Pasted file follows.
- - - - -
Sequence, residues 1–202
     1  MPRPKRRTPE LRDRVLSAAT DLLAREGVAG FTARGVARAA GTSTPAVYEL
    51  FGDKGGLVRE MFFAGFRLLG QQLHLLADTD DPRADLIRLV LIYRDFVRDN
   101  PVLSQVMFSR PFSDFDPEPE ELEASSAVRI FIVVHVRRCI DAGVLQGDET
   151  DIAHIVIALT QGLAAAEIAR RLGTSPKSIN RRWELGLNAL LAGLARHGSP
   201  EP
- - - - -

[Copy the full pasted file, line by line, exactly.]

Sequence, residues 1–202
     1  MPRPKRRTPE LRDRVLSAAT DLLAREGVAG FTARGVARAA GTSTPAVYEL
    51  FGDKGGLVRE MFFAGFRLLG QQLHLLADTD DPRADLIRLV LIYRDFVRDN
   101  PVLSQVMFSR PFSDFDPEPE ELEASSAVRI FIVVHVRRCI DAGVLQGDET
   151  DIAHIVIALT QGLAAAEIAR RLGTSPKSIN RRWELGLNAL LAGLARHGSP
   201  EP